What it takes: Barista Cup

4:00 AM. The streets of Miami are dark. A loan beacon of light stands out of the twilight haze. I drive, sleepily, towards the light.

Panther coffee is deserted save for Ryan Hall, Camilla Ramos (2012 South East Region Barista Finalist), and myself. I’m here to help Ryan train for the Barista Cup, a competition pitting the best Baristas in the industry against each other and coffee they’ve never tasted.

4AM is when the cafe is quiet, our measurements precise, and the experiments uninterrupted. This, my friends, is what it takes.

Ryan has a not-so-secret weapon up his sleeve; the use of Sieves to remove the fine particulates made from variations in grind. These particulates extract faster than the rest of the grinds and often escape from the filter, muddying the bottom of your fine pour over and adding unwanted flavors as they continue to seep. This was the method used by the 2012 Barista Champion Matt Perger.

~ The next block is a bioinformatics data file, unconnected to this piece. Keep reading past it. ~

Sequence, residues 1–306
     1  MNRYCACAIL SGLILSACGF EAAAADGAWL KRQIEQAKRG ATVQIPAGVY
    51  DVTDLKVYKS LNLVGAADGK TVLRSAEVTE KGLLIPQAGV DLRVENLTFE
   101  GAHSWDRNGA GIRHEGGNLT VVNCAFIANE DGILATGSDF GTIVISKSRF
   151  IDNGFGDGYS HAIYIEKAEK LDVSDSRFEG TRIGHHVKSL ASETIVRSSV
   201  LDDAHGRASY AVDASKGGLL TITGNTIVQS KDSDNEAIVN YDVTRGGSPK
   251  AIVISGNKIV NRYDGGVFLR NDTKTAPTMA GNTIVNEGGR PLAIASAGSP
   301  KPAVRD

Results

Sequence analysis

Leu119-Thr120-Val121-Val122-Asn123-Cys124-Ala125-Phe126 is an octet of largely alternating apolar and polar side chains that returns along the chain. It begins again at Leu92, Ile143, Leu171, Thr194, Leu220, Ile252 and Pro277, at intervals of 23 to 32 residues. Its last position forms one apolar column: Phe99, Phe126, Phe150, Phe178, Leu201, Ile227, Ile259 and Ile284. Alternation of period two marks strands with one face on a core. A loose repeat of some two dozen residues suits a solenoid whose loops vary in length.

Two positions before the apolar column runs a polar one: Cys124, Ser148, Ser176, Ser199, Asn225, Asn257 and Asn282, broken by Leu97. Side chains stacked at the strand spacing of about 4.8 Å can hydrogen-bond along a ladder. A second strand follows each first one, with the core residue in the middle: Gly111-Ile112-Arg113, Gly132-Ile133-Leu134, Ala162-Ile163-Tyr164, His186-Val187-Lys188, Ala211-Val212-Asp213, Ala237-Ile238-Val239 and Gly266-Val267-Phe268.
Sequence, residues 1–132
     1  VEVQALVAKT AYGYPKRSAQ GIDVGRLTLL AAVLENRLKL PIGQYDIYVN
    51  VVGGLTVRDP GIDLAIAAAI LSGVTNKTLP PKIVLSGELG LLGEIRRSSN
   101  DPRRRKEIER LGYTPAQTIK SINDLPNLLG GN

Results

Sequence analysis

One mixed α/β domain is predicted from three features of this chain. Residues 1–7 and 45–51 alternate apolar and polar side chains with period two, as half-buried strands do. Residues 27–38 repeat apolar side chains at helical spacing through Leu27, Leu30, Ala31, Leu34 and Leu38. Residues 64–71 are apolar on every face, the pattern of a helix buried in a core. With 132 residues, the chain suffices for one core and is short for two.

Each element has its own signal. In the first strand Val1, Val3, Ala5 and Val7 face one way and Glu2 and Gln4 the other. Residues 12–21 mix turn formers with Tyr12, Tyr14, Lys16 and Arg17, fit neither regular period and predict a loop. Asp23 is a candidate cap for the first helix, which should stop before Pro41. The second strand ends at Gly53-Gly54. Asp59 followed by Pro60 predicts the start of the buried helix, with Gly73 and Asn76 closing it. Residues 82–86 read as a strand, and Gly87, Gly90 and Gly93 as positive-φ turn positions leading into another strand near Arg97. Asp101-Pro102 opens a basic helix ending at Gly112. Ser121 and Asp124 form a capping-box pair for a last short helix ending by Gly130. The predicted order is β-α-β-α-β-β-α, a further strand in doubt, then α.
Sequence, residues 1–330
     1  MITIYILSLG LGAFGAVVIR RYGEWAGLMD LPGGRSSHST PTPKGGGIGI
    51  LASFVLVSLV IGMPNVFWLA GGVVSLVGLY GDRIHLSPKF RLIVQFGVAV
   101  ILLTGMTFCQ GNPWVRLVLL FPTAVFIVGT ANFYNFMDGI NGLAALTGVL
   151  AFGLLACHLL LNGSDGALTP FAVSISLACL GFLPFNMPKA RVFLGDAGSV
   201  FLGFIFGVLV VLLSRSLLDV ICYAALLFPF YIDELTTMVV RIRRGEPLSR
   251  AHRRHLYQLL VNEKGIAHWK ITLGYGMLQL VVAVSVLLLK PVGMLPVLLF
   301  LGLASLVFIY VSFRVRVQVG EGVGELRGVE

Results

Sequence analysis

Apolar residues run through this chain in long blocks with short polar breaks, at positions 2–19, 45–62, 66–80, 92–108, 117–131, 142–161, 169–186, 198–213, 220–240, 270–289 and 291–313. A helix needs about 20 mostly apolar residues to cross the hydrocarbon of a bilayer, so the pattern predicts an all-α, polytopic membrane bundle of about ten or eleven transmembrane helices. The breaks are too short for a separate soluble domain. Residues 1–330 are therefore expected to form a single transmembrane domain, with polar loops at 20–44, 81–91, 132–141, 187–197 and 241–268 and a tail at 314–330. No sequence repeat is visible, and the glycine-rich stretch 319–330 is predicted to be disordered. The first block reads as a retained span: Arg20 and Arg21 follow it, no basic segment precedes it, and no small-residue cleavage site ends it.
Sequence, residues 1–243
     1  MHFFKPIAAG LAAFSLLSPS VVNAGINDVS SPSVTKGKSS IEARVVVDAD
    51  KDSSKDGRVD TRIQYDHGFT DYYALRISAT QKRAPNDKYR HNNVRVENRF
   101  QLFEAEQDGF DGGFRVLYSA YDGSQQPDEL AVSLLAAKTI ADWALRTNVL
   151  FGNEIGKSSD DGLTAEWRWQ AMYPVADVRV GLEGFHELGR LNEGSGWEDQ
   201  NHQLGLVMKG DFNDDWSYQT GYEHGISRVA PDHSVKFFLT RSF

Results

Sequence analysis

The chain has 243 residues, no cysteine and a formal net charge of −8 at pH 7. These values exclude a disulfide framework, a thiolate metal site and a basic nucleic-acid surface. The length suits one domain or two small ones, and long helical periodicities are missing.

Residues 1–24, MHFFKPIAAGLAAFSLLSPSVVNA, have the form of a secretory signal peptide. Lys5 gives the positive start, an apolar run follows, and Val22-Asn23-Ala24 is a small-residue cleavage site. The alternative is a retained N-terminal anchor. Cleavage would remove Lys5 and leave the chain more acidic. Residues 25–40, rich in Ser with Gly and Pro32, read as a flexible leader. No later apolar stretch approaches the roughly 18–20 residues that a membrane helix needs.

There is argument on both sides over how much of a difference the micro-particles make, ranging from none to award winning. I personally believe, and will eventually test, that they make a difference during brewing, but do not yield detectable flavor by continuing to seep in the cup; their removal is purely aesthetic, which is to say also very important. In this experiment, we used the cupping methodology to test the differences in flavor profile by sieve size and compared all of them with an un-sieved standard.

Results: Excellent. The coffee flavor gained clarity, and was much cleaner in in the cup. But, as always, drawing conclusions from a single test, with only 3 tasters and one sample per sieve size is not generalizable; sensory science is a data heavy subject! Perhaps then, dear reader, you will allow me to generalize in saying coffee tastes better at 9AM than it does at 4AM.

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